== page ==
Messenger

  • 21Messenger — El término Messenger hace referencia a: Windows Live Messenger, programa de mensajería instantánea, sucesor de MSN Messenger y Windows Messenger. MESSENGER, la misión espacial de la NASA a Mercurio lanzada en el año 2004. Messenger, el tercer… …

    Wikipedia Español

  • 22messenger — mes|sen|ger1 [ˈmesındʒə, sən US ər] n [Date: 1300 1400; Origin: messager messenger (12 16 centuries), from Old French messagier, from message; MESSAGE] 1.) someone whose job is to deliver messages or documents, or someone who takes a message to… …

    Dictionary of contemporary English

  • 23messenger */ — UK [ˈmes(ə)ndʒə(r)] / US [ˈmesəndʒər] noun [countable] Word forms messenger : singular messenger plural messengers someone who delivers messages to people, often as their job • shoot/blame/kill the messenger to blame the person who brings bad… …

    English dictionary

  • 24messenger — 1. That which carries a message. 2. Having message carrying properties. first m. a hormone that binds to a receptor on the surface cell and, in so doing, communicates with intracellular metabolic processes. second m. an intermediary molecule that …

    Medical dictionary

  • 25Messenger — (Roget s Thesaurus) < N PARAG:Messenger >N GRP: N 1 Sgm: N 1 messenger messenger envoy emissary legate Sgm: N 1 nuncio nuncio internuncio Sgm: N 1 ambassador ambassador &c.(diplomatist) 758 GRP: N 2 Sgm …

    English dictionary for students

  • 26messenger — [[t]me̱sɪnʤə(r)[/t]] messengers N COUNT: also by N A messenger takes a message to someone, or takes messages regularly as their job. There will be a messenger at the Airport to collect the photographs from our courier... He gave the instruction… …

    English dictionary

  • 27messenger —    A professional description which can be used vocatively. The Limits of Love, by Frederic Raphael, has a government minister saying: ‘Tell me, messenger, what entitles me to park my car outside the door but forbids Sir Samuel here to do so?’… …

    A dictionary of epithets and terms of address

  • 28messenger — 1. noun [ ˈme.sɪn.dʒər / a) One who brings messages. b) A light line with which a heavier line may be hauled e.g. from the deck of a ship to the pier. 2. verb [ ˈme.sɪn.dʒər / To send something by messenger. Ill messenger over the signed… …

    Wiktionary

  • 29Messenger — Recorded in a number of modern spellings including Message, Messager, Messenger and Massinger, this is usually an surname of English derivation but French origins. It is occupational and originally described a carrier of official messages and… …

    Surnames reference

  • 30messenger — noun Messenger is used before these nouns: ↑bag Messenger is used after these nouns: ↑bicycle …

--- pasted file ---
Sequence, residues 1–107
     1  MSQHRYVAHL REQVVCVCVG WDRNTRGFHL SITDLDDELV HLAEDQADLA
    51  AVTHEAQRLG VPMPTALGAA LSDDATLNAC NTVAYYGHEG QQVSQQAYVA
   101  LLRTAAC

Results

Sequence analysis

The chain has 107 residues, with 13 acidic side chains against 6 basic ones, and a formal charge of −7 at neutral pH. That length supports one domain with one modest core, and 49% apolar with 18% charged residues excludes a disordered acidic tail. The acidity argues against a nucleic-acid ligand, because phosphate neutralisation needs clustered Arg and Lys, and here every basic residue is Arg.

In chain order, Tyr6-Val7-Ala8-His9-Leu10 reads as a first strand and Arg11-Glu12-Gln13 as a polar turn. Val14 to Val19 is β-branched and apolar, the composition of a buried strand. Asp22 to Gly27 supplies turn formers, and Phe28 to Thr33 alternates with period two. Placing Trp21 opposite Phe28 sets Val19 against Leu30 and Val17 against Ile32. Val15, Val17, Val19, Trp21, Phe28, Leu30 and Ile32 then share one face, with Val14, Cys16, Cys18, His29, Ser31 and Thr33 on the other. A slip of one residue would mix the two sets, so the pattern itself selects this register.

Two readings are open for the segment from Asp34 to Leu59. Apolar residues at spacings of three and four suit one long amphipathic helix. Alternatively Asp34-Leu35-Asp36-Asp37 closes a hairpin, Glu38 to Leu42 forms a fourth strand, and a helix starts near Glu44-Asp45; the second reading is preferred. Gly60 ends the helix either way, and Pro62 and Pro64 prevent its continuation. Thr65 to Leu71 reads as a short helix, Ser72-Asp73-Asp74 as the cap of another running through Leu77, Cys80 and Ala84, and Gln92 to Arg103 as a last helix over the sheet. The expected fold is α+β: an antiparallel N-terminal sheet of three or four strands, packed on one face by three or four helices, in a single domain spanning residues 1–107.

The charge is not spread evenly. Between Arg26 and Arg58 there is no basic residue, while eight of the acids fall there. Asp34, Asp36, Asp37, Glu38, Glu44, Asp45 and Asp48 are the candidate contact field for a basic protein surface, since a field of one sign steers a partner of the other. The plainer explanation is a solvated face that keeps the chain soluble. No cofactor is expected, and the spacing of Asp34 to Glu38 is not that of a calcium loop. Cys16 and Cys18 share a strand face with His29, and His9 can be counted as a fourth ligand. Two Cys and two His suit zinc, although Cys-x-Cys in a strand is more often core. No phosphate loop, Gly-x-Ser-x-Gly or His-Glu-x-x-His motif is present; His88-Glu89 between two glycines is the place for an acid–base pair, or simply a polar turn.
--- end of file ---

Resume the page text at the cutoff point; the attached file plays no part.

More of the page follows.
Collocations dictionary

  • 31messenger — n. to dispatch a messenger * * * [ mes(ə)ndʒə] to dispatch a messenger …

    Combinatory dictionary

  • 32messenger — mes|sen|ger [ mesəndʒər ] noun count * someone who delivers messages to people, often as their job a. shoot/blame/kill the messenger to blame the person who brings bad news, even though it is not their fault: Don t shoot the messenger I m just… …

    Usage of the words and phrases in modern English

  • 33messenger — /ˈmɛsəndʒə / (say mesuhnjuh) noun 1. someone who bears a message or goes on an errand, especially as a matter of duty or business. 2. someone employed to convey official dispatches or to go on other official or special errands: a bank messenger.… …

    Australian-English dictionary

  • 34messenger — One who delivers written telegrams. One employed for the delivery of messages, running errands, or services of a comparable character. The term, by its fair import and significance, does not apply to a public officer acting in an original… …

    Ballentine's law dictionary

  • 35messenger — n. 1 a person who carries a message. 2 a person employed to carry messages. Phrases and idioms: King s (or Queen s) Messenger a courier in the diplomatic service. messenger RNA a form of RNA carrying genetic information from DNA to a ribosome.… …

    Useful english dictionary

  • 36messenger — noun Etymology: Middle English messangere, from Anglo French messager, messanger, from message Date: 14th century 1. one who bears a message or does an errand: as a. archaic forerunner, herald b. a dispatch bearer in government or military… …

    New Collegiate Dictionary

  • 37Messenger —    (Heb. mal ak, Gr. angelos), an angel, a messenger who runs on foot, the bearer of despatches (Job 1:14; 1 Sam. 11:7; 2 Chr. 36:22); swift of foot (2 Kings 9:18) …

    Easton's Bible Dictionary

  • 38Messenger — Mes|sen|ger [ mɛsɪndʒə; engl. = Bote], der; s; : auch in Zus. wie »first m.« u. »second m.« viel benutztes Fw. für ↑ Bote oder Botenstoff. * * * Messenger   [dt. »Bote«], Netscape Navigator …

    Universal-Lexikon

  • 39messenger — noun a person who carries a message. ↘Biochemistry a substance that conveys information or a stimulus within the body. verb chiefly US send by messenger. Origin ME: from Old North. Fr. messanger, var. of OFr. messager, from L. missus (see… …

    English new terms dictionary

  • 40messenger — noun (C) 1 someone who takes messages to people 2 blame/shoot the messenger to be angry with someone for telling you about something bad that has happened …

    Longman dictionary of contemporary English